The industry has also been affected over the longer term by the forced separation of the West Bank and Gaza in 2007 because there has been little domestic tourism since then.
Ghoneim said the tourism sector in Gaza consists of 500 facilities – from restaurants and beachfront cafes to hotels and chalets for hire – employing some 7,000 workers who in turn support more than 35,000 people.
“There are no guarantees or insurance for any of these workers in the sector,” Ghoneim told the Electronic Intifada. “There is no guarantee for any owner either and after a crisis, like Israeli bombings, it can take months to get back to normal.”
Generators provide up to half of the daily power needs of tourism facilities because of the lack of 24-hour power generation by Gaza’s only power station. Not only do they demand costly fuel, their maintenance is difficult because spare parts, equipment and new machines are either very expensive or simply unavailable due to Israeli restrictions on imports.
In addition, costs spike because of taxes.
In all, he said, there are three types of taxes on imports. The taxes are paid to Israel, the Palestinian Authority and the Hamas-led administration within Gaza.
Muhammad al-Jayar runs a resort and cafe on the seashore in al-Sudaniyeh, an area in the northern Gaza Strip. He argued that the price difference between Gaza and neighboring countries was logical in view of the challenges Gaza’s tourism sector faces.
“Due to the Israeli blockade, several factors have made tourism difficult, especially the high prices. We need to run the generators for at least ten hours. That is expensive, it affects salaries and our operational capacity,” al-Jayar told The Electronic Intifada.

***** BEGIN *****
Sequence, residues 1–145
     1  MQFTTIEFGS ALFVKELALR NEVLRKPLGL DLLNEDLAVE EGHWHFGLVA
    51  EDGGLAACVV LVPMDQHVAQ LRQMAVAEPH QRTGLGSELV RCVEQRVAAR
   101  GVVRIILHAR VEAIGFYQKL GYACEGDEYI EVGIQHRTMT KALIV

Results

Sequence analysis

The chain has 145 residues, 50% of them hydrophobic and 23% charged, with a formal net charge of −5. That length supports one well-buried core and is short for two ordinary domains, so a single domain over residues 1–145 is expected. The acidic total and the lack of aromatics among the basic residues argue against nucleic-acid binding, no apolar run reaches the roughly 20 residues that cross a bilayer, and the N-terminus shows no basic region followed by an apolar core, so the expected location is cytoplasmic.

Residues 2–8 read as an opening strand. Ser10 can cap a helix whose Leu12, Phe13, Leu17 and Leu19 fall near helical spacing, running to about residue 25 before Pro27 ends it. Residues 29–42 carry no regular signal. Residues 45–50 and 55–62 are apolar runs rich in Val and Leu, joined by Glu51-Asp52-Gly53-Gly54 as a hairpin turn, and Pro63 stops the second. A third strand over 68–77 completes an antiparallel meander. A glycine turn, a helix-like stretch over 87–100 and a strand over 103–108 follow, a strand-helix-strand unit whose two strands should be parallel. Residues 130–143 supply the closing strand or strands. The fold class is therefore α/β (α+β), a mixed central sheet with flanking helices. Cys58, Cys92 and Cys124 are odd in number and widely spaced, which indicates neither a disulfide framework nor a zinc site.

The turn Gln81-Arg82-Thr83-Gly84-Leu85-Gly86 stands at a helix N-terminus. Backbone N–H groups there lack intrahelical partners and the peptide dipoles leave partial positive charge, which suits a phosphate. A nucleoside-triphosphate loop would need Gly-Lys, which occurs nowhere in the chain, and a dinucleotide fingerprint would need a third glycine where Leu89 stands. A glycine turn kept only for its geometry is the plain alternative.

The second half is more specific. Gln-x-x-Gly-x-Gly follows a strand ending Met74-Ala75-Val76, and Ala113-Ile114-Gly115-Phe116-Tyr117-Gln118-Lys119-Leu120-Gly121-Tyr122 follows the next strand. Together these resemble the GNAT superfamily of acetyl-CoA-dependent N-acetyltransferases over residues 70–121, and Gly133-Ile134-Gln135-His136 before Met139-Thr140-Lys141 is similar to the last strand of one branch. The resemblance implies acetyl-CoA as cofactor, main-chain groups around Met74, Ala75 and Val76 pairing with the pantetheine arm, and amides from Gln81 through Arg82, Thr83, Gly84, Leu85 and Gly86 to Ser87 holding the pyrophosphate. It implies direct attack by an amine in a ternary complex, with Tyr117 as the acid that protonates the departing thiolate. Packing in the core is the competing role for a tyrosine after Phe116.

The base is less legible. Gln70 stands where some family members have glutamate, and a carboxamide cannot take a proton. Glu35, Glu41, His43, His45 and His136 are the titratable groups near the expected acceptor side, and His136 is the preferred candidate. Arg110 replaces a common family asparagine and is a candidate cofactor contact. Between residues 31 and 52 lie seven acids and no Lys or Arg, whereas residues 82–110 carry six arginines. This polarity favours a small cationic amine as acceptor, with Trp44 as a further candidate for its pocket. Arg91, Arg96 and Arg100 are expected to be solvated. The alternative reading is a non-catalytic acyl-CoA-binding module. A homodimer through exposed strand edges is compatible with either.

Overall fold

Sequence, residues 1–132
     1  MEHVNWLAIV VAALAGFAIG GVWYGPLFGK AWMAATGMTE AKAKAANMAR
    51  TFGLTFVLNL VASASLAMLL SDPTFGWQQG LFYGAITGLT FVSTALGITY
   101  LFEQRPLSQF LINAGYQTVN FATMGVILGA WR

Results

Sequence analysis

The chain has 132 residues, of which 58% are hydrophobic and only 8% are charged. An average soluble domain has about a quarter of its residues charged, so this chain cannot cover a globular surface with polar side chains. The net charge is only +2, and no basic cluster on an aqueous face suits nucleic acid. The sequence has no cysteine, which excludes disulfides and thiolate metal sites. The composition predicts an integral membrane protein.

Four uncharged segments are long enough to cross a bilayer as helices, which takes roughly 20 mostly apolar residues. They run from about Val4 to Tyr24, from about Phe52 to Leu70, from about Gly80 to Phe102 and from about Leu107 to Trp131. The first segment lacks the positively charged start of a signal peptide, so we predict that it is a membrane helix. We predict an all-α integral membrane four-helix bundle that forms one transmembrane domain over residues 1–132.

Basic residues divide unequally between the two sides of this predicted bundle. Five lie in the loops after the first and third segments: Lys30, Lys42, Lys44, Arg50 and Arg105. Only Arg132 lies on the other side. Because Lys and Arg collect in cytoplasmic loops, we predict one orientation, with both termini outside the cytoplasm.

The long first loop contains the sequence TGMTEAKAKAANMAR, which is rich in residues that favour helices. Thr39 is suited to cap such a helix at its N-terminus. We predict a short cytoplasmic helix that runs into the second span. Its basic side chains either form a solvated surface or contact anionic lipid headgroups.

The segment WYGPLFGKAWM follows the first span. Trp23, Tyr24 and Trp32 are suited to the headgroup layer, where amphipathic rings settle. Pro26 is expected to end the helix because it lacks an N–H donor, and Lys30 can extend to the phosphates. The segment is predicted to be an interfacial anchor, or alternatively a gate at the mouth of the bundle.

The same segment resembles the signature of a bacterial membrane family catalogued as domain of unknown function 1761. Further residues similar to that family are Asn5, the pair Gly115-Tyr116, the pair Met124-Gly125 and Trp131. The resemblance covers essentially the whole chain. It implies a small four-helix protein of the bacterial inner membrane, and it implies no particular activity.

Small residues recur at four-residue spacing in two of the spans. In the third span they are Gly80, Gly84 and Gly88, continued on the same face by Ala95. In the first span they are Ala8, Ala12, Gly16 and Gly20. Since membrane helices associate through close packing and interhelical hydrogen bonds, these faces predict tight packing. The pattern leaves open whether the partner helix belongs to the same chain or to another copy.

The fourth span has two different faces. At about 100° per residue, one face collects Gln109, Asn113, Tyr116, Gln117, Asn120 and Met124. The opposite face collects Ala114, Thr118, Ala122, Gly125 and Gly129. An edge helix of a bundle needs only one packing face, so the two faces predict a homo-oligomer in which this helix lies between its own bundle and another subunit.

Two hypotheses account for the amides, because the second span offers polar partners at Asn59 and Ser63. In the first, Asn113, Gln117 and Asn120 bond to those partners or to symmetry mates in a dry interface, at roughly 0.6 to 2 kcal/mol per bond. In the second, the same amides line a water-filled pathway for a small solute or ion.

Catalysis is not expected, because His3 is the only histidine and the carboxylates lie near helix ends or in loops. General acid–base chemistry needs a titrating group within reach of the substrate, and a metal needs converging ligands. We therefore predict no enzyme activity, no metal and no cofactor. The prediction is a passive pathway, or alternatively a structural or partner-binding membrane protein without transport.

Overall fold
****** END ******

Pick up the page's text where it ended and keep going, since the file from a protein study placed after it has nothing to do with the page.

“This is too expensive for some. But others just want to have fun,” he added.
Samir Nabhan has three chalets near the center of Gaza City, all built on his own land.
Holiday chalets – typically small villas with a couple of rooms for resting, a pool and some grassy playground – are the most popular local tourist destination for Gaza’s residents, he told The Electronic Intifada, but are also very expensive to operate in the light of high fuel prices and the lack of electricity.
“Yes, high prices are a problem,” Nabhan conceded. “But who will compensate the tourism sector when the crossings are closed and prices of spare parts, materials and equipment for swimming pools and lighting and so on can reach more than 400 percent of their original price?”
For now, he said, with no control over borders, no predictability for travelers and for as long as Israel’s draconian restrictions continue, there is little hope that costs can come down.
“Prices will never improve unless the political situation here is resolved.”
In order to afford the price of rentals, locals are banding together in large groups in order to spread the costs.
“We bring together a group of eight to 15 people, youths or families. It does not matter if the price is high, the most important thing is that we have fun and enjoy the gathering,” Sayed al-Jabali, 34, a car mechanic, told The Electronic Intifada.
However, even then, for many, this is too much. With a poverty rate at over 50 percent thoughts of renting chalets or hotel rooms, however many band together, is simply not an option.
Muhammad Abu Habel, 42, a government employee, takes home just $380 a month. He simply cannot, he told The Electronic Intifada, afford to take his children to restaurants or resorts.
“We all want to spend a good quality time in resorts and chalets. Unfortunately, I cannot afford it,” Abu Habel said.
“Everything in Gaza is too expensive. At least I have a salary. Other families cannot even put food on the table.”
Ola Mousa is an artist and writer from Gaza.